Company Country End of Fiscal Year Sales (Billions of $)
INDITEX (ZARA) Spain Jan. 2016 22,81
H&M Sweden Nov. 2015 21,11
GAP USA Jan. 2016 15,79
FAST RETAILING (UNIQLO) Japan Aug. 2015 14,79

**Table based on the information of SPA analysis (Specialty Store Retailer of Private Label Apparel)

Threat of substitutes

When it comes to the threat of substitutes within the Spanish fashion industry, what is being analyzed is under which circumstances the consumer decides to buy the competitor´s product. Determining factors include the price and quality of the product as well as the profit the competitor is earning.  

The threat of substitutes within the Spanish fashion industry is high as the switching costs for retail customers are more or less nonexistent. Nevertheless, the Inditex offers a wide range of products and is appealing in various different markets, which also decreases the substitution risk. Moreover, their customers include men and women from all different ages. Finally, the companies of Inditex also offer low and mid high prices to their customers.  

 

Bargaining power of customers

The bargaining power of customers in the fashion industry, that is buyer power, is a relatively large force. While clothes shoppers are typically individuals with little to none direct bargaining power (as compared to huge companies, buying in bulk, who might be the main clients in other industries), they have many alternative locations to shop for apparel and little incentive to stay with one particular company, giving them plenty of indirect bargaining power.

In addition, any meaningful variation in buying habits due to lifestyle, demographic or cultural changes, gives room to alterations in market demand, which makes the reliability of clients very volatile.

 

Bargaining power of suppliers

In the fashion industry, supplier power is a relatively small force. Most fashion companies source their products from third world manufacturers who receive just fractions of the profit. Suppliers have little control over the fashion industry as, unfortunately, they are dispensable and can always be swapped out. As a result, input prices for this industry are relatively low and will stay there until the global development gap closes up significantly.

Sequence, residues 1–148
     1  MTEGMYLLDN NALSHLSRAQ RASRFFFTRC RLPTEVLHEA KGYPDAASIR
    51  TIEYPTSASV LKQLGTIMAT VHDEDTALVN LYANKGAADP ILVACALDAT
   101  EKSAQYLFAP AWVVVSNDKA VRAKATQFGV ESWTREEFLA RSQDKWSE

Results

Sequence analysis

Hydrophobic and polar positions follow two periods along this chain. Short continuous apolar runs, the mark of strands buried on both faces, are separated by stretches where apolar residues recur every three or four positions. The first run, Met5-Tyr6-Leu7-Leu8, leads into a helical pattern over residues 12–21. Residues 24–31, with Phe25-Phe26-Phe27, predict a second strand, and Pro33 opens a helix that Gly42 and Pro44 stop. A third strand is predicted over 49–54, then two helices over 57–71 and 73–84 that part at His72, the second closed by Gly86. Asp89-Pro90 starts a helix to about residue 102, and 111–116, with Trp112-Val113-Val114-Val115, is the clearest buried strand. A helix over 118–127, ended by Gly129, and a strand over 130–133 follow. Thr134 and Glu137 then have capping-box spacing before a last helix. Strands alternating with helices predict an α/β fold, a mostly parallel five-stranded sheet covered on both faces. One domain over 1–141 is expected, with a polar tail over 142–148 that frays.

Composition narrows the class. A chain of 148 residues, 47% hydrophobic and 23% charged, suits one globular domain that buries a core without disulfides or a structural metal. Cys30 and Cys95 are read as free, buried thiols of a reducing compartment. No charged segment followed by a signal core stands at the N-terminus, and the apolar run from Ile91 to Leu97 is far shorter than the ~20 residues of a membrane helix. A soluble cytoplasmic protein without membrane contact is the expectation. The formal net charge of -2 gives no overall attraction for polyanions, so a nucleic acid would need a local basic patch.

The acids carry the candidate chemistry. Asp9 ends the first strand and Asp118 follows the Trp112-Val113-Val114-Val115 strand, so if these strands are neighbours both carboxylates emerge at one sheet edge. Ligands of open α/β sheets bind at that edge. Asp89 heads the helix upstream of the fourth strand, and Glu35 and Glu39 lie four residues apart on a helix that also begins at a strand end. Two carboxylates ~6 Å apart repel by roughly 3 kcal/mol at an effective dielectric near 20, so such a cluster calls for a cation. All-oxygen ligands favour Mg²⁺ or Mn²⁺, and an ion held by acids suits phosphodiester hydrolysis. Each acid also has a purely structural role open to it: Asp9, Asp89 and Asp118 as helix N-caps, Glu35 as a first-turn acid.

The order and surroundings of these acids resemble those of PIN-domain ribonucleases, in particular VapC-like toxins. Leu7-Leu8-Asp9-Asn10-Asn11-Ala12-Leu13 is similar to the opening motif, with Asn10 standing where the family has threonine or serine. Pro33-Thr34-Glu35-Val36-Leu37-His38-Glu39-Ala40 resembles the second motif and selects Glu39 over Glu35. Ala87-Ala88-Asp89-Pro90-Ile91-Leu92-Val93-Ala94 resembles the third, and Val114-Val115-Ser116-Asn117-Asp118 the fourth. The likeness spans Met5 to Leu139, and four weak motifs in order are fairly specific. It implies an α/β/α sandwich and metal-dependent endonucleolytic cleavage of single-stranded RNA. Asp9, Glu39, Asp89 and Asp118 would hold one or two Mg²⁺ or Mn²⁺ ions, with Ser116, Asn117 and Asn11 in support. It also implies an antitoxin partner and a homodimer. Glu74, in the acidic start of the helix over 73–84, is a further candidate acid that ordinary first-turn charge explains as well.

Conclusions

Fashion Industry has undergone a strong growth during the last years. There are millions of textile companies so how could we differentiate and be successful in this kind of industry?

We believe the key to success is in the innovation, the difference, and creativity. It’s a huge market and new firms must join creativity and innovation with competitive prices.

Nowadays, the economic crisis causes a huge decrease in market demand, therefore fashion firms are forced to reduce prices.

Due to all of this, we are the perfect solution for those new firms and companies that are focused to introduce themselves in the Fashion Industry and grow in terms of industrialization. We’re making available all the required resources to achieve your goals and make the difference in an international context, growing stronger and creating a global reputation.